PRST has done a tremendous role in educating the employers to understand the importance of employing well-trained and competent PR professionals to their organizations. Thus, no one can be recognized as a communication/Public Relations officer until he/she is trained well from a well-recognized university or college.
You are the Co-Founder of the Public Relations Society of Tanzania (PRST), the leading organization for PR professionals in your country. What is the state of practice of the profession in Tanzania today?
I am so inspired by the achievement of Public Relations profession in Tanzania since the establishment of Public Relations Society of Tanzania (PRST) The number of professionals joining the association is increasing daily and this is due to good performance of PRST in Tanzania. The number of Communication experts who are employed by the government and private sector is growing compared to the previous years, when anyone who knows to speak in front of the media without communications skills could be employed as PR. PRST has done a tremendous role in educating the employers to understand the importance of employing well-trained and competent PR professionals to their organizations. Thus, no one can be recognized as a communication/Public Relations officer until he/she is trained well from a well-recognized university or college.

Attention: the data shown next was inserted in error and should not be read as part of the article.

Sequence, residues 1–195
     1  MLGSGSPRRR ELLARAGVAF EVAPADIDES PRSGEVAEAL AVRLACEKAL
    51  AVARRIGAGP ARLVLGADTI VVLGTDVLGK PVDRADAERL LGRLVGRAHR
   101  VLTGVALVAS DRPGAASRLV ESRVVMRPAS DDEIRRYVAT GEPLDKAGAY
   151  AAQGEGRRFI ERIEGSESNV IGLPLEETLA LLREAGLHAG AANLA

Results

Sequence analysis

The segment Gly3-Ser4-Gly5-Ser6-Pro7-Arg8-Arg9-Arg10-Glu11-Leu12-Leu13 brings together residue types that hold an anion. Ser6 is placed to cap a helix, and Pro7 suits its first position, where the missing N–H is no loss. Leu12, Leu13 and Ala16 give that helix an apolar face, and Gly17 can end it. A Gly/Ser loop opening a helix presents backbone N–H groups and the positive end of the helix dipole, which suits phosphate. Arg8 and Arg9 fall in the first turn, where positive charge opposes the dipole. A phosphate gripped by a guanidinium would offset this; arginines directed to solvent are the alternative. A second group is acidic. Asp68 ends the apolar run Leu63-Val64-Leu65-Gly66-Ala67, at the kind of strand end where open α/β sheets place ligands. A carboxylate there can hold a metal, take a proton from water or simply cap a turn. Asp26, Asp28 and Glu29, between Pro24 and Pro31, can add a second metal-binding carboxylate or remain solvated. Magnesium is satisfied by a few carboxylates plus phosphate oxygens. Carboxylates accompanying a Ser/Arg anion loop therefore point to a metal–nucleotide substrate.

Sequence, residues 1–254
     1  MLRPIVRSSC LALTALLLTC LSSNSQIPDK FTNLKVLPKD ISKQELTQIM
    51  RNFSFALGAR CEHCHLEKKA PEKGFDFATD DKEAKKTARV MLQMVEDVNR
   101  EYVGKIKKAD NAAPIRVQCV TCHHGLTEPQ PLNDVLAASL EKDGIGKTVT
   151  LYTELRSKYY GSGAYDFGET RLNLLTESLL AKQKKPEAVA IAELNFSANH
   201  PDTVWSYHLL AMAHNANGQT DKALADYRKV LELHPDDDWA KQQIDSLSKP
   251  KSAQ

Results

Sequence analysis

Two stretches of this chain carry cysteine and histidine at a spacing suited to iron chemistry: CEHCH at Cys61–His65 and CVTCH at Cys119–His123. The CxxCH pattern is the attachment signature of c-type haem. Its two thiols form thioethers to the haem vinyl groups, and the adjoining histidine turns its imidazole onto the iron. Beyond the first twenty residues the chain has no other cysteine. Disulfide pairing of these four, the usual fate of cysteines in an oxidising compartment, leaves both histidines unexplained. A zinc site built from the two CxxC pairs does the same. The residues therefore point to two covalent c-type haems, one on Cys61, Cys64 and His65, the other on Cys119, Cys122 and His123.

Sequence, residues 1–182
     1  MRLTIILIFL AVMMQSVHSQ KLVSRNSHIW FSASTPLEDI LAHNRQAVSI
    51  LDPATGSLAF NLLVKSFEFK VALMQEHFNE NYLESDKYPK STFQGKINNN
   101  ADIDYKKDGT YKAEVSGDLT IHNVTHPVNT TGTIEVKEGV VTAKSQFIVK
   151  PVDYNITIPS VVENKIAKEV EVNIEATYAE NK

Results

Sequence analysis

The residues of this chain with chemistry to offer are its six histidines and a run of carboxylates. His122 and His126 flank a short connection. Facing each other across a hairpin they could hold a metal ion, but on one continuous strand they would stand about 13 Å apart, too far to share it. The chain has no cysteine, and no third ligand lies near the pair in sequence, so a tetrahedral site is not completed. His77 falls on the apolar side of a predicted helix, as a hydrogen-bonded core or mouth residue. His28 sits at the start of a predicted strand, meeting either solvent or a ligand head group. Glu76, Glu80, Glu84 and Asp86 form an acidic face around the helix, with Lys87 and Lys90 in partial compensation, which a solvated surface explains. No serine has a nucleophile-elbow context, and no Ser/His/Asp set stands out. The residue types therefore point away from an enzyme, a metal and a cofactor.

Therefore, the state of practice of Public Relations profession in Tanzania is encouraging and improving daily as long as PRST is implementing its role to nurture professional and quality practices of PR in Tanzania. As long as our vision becomes clear that PRST aims to become effective Public Relations professional body for guidance, promotion and overseeing the profession excellence in the country.
Tell us about the main challenges PR professionals face in Tanzania in practising their profession, and how the organization is helping to improve things?
The biggest challenge professionals face is not knowing their primary roles in their organizations they work with. Most of them are treated like cameramen, press release writers, preparing breakfast for their bosses and arranging for their travels, which all these are not strategic roles to any PR professional. To summarize the main roles of PR professional is to counsel the management at all levels in the organization with regard to policy decisions, courses of action and communications including crisis communication. To anticipate, analyse and interpret public opinion, attitudes and issues that might have an impact for good or ill. Doing research, Planning and Setting objectives, planning, budgeting and training staff etc. So, if we don’t understand what we should do in the organization as PR professionals, that’s a big challenge.
The biggest challenge professionals face is not knowing their primary roles in their organizations they work with. Most of them are treated like cameramen, press release writers, preparing breakfast for their bosses and arranging for their travels, which all these are not strategic roles to any PR professional.